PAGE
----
School climate key to tackling bullying in schools

School climate key to tackling bullying in schools

School climate key to tackling bullying in schools

ISPCC Shield

Today marks The National Day of Action, part of the ISPCC’s Shield Campaign to stand up against bullying. The Shield Campaign, now in its third year, aims to offer a positive and proactive response to bullying in schools through the provision of a self-evaluative toolkit. Brian O’Driscoll is this year’s Shield ambassador adding to the already healthy celebrity weigh-in supporting this worthy appeal over its short history.

Recent reports indicate that there has been a significant increase in the incidence of cyber-bullying. Just last week, The Irish Times published research by the National Association of Principals and Deputy Principals, (NAPD) which found that 16 per cent of students have experienced bullying online – a 33 per cent increase on last year or a 4 percentage point rise in reported incidence.

Data like this is worrying for parents and educators alike, and leads us to probe the reasons behind this continuing anti-social behaviour – and more – an impulse to want to ‘fix’ the problem.

It’s important to consider the context in which this reported increase has occurred. Undoubtedly, there is an upward trend in smart phone ownership which cannot be overlooked. The eircom Household Sentiment Survey (eHSS) conducted in the second quarter of 2013 found a dramatic 11 % increase in device ownership since the publication of the previous eHSS report in 2012.

Although there are consumer factors which may account for the rise in incidences, these do not take away from the core issue: bullying and increasingly, cyber-bullying are real issues facing young people in Ireland today.

Young people know it. Schools know it and the government knows it. Research conducted by the Department of Education and Skills found that 79% of teachers in Ireland were aware of homophobic bullying in their schools. The Minister of Education, was on hand this week to launch the fifth annual ‘Stand up! Awareness Week’ – a government funded campaign aimed at tackling homophobic and transphobic bullying in schools. Stand Up! is organised by the national organisation for Lesbian, Gay, Bisexual and Transgender young people – ‘BeLonG To’ – and will run from 7th – 10th March. Educational packs have already been sent out to schools.

So with all parties on the same page, the movement has significant momentum – surely all this education won’t fall on deaf ears and do what it’s intended to do – reduce the incidences of bullying on a nationwide scale.

But are we missing a piece of the puzzle? Perhaps so. Meaningful, lasting behavioural change requires more than the provision of educational toolkits or awareness campaigns. Such campaigns are undoubtedly necessary, extremely valuable and appropriately targeted. But, we’re talking more than education here; we talking about a cultural shift and that cannot happen in isolation.

Schools are not islands. They are embedded in our society and reflect much of the mores of our Irish society at large. Children take their leads from us the adults, the teachers, the parents, the politicians, the sportspeople and the celebrities.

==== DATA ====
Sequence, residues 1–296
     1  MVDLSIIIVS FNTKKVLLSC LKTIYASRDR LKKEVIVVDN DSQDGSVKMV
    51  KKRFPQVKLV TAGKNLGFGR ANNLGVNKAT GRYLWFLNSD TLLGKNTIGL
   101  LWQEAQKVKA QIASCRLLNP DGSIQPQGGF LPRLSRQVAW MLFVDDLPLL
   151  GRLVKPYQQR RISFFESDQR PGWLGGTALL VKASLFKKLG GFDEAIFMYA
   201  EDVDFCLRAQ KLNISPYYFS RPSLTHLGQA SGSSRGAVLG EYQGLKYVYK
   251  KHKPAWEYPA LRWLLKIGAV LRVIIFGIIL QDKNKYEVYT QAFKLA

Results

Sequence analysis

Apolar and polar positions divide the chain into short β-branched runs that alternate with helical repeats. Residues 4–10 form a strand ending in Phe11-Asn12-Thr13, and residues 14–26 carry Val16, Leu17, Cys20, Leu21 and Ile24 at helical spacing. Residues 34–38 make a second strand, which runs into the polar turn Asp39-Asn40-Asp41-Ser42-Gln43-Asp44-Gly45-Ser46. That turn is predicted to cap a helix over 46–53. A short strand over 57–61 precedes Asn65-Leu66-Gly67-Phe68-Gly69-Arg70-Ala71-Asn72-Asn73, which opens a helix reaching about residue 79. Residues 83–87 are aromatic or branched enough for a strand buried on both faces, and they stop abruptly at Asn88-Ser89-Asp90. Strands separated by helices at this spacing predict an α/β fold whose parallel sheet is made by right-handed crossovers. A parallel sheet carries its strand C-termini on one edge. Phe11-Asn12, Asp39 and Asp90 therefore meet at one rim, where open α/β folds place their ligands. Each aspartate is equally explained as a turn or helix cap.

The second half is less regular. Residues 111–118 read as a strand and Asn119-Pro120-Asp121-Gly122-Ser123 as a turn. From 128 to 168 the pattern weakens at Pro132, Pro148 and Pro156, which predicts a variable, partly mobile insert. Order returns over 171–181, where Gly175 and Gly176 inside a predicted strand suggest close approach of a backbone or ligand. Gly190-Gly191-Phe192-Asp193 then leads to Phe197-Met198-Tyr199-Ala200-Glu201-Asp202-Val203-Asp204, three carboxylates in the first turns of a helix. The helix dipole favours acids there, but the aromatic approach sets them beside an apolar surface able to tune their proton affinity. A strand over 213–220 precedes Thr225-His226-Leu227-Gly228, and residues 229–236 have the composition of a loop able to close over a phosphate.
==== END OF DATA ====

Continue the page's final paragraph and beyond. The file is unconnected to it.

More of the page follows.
Bullying and cyber-bullying in schools is magnified and intensified by the very nature of the environment of school and is felt acutely by young people in the most formative years of their lives. It can have devastating effects on the self-esteem and social development of our richest resource – the next generation.

That is why it is imperative that we find a real solution. And the only way in which we can truly and consistently reduce the incidence of cyber-bullying or other anti- social behaviour is in creating school climates which will not tolerate such behaviours. It is a cultural necessity and can only be achieved by dedicating our energies to ensuring that everything we do and say and every action we perform on a daily basis models the behaviours which we want to foster in our young people.

At the risk of overstating the obvious, the climate of the school is the single most important factor determining the successful adoption of tolerance and respect amongst young people in schools. Without a whole-school culture of acceptance embedded into the fabric of schools, schools will struggle to implement stand-alone programmes promoting tolerance such as Stand Up! – or the ISPCC’s Shield Campaign or any other embracive initiative. They may have a short-term impact but that, of course, is not the desired outcome.

Consider a school that places student self-expression and independent thought at the centre of its curriculum. Consider a school that is built to support student diversity and not uniformity; a space where all abilities – academic, sporting, social, organisational and artistic are placed on an even playing ground and given equal weight. And where designing a curriculum which focuses on the strengths of each student forms the basis for enhanced learning and personal development.

Then and only then will we truly get to grips with developing an educational environment which supports a truly compassionate learning space for our young people.

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